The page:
“The collection celebrates the instrument, not the star who played it,” says George Gruh, a vintage instrument expert and friend of Shaw. “The real stars are the makers of the instruments.”
Tours of Historic RCA Studio B start with a shuttle ride from the Country Music Hall of Fame & Museum. Our guide shared stories about Nashville’s oldest surviving studio and the hit-makers who recorded there, starting in 1957. One thousand of the 35,000 songs recorded in Studio B charted. The guide spun magical music tales, throwing us into total darkness to re-enact Elvis’ “Are You Lonesome Tonight.” She also gave us an insider fact that reveals the little-known truth about the song’s ending.
Don’t miss the live music
Of course, any tour of Nashville will include seeing a performance. It’s unavoidable, really. On the short walk down Broadway from the Cash/Cline museums to Ryman Auditorium, we passed no fewer than five venues blaring live music—at 11 a.m.
Broadway at night offers even more opportunities to get an earful. The street holds 53 honky-tonks, with new venues under construction. It’s a loud scene, crowded but safe, and if a tour operator doesn’t want to turn a group loose to go honky-tonking, there are other options for live music.
I absolutely loved my evening at Bluebird Café, an unassuming venue that seats four songwriters in the middle of the room and surrounds them with 75 or so eager listeners. The performers take turns playing and singing, while the others strum along and even sing back-up. It’s intimate and intense. Engaging and enthralling.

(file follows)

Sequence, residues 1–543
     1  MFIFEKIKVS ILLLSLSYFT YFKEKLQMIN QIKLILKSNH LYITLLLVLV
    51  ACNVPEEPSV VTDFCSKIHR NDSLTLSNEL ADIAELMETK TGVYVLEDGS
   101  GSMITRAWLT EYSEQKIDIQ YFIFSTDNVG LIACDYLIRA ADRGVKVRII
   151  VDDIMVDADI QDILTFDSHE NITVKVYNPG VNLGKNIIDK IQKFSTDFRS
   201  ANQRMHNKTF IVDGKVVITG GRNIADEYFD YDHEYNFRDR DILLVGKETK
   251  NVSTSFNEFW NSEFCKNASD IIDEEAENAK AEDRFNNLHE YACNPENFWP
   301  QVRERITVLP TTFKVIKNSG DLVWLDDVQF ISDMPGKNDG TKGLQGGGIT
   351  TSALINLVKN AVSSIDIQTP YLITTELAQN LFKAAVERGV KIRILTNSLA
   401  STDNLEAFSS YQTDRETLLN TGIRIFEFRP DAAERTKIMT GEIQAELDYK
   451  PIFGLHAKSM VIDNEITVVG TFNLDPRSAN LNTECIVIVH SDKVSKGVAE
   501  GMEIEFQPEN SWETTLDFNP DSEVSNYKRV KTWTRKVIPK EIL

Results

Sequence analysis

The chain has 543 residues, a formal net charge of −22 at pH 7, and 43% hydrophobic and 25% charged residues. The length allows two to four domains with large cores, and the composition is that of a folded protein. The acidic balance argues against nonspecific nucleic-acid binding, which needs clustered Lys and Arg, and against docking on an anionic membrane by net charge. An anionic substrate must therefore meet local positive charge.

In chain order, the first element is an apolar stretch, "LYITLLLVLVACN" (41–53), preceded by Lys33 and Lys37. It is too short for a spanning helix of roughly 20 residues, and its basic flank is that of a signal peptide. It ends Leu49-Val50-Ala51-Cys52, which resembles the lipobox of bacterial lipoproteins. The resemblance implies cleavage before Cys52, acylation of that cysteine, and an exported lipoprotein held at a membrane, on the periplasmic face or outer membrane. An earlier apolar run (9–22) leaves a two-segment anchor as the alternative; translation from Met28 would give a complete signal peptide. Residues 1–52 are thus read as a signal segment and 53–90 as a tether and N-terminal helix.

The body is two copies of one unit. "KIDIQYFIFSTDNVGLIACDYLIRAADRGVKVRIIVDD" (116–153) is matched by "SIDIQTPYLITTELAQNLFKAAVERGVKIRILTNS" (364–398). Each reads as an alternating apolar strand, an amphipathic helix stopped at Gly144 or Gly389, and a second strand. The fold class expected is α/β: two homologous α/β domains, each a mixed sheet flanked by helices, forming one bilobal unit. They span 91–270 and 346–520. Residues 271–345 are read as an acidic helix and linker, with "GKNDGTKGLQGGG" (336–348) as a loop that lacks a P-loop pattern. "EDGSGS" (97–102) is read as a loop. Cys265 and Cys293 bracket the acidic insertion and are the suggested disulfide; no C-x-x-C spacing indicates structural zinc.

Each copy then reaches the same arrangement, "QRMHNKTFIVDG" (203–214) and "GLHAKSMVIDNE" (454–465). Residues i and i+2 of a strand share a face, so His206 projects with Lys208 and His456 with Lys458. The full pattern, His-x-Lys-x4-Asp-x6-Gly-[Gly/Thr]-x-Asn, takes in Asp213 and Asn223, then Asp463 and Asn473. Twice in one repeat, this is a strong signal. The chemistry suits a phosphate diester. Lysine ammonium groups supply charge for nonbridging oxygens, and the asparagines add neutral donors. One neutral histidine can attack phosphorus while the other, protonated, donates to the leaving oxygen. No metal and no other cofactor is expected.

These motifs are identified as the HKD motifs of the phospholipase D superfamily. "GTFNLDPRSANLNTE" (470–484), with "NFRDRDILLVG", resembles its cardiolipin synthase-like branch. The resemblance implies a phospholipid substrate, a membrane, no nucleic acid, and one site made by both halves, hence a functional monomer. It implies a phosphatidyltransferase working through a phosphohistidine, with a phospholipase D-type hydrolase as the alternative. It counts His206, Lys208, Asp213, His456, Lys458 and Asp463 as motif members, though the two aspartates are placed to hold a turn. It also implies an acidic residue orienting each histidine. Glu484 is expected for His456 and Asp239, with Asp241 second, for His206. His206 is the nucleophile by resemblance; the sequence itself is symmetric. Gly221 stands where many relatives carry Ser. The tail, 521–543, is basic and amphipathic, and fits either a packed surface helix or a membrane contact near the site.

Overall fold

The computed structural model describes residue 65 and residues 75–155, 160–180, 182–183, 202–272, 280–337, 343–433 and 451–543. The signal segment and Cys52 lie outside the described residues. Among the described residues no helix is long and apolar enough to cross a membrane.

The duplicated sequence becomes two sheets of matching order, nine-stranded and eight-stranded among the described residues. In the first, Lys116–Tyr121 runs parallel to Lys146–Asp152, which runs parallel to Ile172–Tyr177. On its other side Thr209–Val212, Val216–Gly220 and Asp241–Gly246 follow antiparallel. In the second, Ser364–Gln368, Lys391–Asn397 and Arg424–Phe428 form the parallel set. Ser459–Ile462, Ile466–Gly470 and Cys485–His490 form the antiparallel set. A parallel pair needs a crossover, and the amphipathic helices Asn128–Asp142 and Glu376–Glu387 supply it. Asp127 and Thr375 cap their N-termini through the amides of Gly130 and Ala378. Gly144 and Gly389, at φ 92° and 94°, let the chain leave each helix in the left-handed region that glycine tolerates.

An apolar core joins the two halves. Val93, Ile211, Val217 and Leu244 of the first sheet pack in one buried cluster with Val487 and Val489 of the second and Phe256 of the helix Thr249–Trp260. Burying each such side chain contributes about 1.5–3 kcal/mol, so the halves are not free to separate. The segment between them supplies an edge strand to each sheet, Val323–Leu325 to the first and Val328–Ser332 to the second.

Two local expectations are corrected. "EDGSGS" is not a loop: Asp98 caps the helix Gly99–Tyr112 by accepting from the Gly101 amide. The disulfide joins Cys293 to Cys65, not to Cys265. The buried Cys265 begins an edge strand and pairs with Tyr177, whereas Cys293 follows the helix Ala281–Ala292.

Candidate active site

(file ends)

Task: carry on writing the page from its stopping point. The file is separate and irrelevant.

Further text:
I heard Danny Flowers sing “Living on Tulsa Time,” a tune I knew from decades ago. Gordon Kennedy performed his Grammy-winning “Change the World,” and Brady Seals sang fun and familiar songs. Karla Davis, the youngest of the four, slayed me with her total honesty and her song “A Boy Like You.”
It sounds kind of crazy now, but being so close to those songwriters inspired me to write yet another song as soon as I had a chance: “Eatin’ into My Sleepin’ Time.” It, too, is horrible, but I had to try.
The Bluebird is a tough ticket, but LouAnna Henton of the Nashville CVC has a work-around for tour operators: “The authentic Nashville experience is summarized no better than a ‘writers in the round’ show, and if you’re not lucky enough to score tickets at the Bluebird, I suggest going to the City Winery or the Listening Room,” she says. “These are both large venues that can accommodate groups and showcase the same type of entertainment.”